But coca and cocaine, respectively, were never conclusively stabilized. ese substances and the narratives that attached meaning to them and their e ects travelled through numerous networks and across quite di erent contexts and elds of interest. ere was also much hype surrounding coca and cocaine in both popular culture and the beverage industry, especially since the 1880s. A very popular coca wine had been produced and sold commercially since 1863 under the name of Vin Mariani. Pope Leo XIII and Queen Victoria were but two of many public gures who wrote a thank-you letter to Angelo Mariani for a free sample of Vin Mariani. e letters and pictures of these persons were used by Mariani to promote his coca wine. But Mariani’s product was just the most popular among many other coca wines in the 1880s. In the US city of Atlanta,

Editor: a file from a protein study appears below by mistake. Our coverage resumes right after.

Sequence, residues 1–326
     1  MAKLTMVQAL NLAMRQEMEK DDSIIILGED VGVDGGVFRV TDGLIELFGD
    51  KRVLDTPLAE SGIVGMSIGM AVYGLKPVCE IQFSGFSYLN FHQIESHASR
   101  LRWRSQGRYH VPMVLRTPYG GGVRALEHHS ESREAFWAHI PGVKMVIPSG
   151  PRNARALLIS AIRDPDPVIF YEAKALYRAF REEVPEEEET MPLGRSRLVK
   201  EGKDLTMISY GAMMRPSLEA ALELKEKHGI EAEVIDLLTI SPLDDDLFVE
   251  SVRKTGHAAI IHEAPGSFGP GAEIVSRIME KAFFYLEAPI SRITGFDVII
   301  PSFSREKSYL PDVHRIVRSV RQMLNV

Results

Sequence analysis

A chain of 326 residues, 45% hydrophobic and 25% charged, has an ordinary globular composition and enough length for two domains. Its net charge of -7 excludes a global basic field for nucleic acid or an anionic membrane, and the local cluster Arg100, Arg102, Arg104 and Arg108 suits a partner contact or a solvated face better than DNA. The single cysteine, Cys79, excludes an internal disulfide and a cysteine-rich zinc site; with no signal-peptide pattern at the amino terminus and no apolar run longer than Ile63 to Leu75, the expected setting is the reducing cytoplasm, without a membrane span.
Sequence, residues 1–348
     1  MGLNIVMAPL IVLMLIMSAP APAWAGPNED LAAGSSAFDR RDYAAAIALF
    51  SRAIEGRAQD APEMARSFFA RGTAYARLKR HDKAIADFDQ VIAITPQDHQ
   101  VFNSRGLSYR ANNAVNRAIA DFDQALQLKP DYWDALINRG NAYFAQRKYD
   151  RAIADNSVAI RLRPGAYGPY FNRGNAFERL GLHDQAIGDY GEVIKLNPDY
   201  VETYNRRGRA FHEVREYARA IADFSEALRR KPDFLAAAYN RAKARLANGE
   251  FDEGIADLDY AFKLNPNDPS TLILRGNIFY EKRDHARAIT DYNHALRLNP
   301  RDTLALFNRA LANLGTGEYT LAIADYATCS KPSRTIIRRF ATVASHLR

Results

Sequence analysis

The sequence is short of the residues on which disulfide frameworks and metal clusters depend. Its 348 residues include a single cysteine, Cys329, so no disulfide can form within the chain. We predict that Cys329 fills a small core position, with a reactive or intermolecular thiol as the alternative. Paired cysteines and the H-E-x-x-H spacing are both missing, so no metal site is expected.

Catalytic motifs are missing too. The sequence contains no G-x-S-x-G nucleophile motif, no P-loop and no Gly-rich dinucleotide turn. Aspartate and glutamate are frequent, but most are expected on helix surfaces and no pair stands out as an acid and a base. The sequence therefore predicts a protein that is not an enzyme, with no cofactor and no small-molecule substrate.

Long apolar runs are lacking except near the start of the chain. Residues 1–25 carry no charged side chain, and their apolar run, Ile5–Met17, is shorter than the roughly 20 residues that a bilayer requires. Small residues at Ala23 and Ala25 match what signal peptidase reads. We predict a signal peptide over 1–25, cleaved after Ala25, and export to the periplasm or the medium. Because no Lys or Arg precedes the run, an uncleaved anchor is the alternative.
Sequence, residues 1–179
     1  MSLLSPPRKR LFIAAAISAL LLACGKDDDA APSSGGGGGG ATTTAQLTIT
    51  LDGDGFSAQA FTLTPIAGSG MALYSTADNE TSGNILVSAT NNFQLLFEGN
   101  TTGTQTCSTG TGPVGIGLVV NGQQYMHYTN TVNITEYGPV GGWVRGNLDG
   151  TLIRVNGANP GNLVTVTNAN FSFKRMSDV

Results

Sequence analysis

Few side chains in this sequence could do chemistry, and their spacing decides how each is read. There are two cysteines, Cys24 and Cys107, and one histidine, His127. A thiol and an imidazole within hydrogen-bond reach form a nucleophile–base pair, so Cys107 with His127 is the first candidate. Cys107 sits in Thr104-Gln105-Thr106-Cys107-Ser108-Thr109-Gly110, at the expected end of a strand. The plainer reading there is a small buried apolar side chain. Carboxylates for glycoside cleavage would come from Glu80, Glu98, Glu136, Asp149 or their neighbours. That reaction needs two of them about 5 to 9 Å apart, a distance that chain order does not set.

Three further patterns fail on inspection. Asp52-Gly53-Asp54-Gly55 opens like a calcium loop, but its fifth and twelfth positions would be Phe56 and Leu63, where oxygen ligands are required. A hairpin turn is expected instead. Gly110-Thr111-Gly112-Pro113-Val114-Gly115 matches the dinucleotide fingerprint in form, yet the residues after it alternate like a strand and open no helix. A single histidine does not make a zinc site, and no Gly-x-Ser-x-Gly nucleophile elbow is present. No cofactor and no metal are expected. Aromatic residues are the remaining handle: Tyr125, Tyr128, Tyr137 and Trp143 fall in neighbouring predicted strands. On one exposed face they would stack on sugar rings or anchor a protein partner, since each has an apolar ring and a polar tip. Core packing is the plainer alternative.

John Smith Pemberton had made a name for himself as a producer of a prosperous coca wine and several remedies. Confronted with laws on prohibition, he had the idea of creating a beverage that would boost power and prevent headaches. Hence, he concocted a so drink out of coca and cola nut extracts mixed with syrup and water. is new drink would later be sold in drug stores under the name of Coca-Cola. Around the same time, Sir Arthur Conan Doyle’s famous detective, Sherlock Holmes, also began consuming cocaine in Th e Sign of the Four in order to enhance his thinking and acting. And it was not just human beings who began using cocaine to increase their performance – racehorses too were ‘doped’ with cocaine.4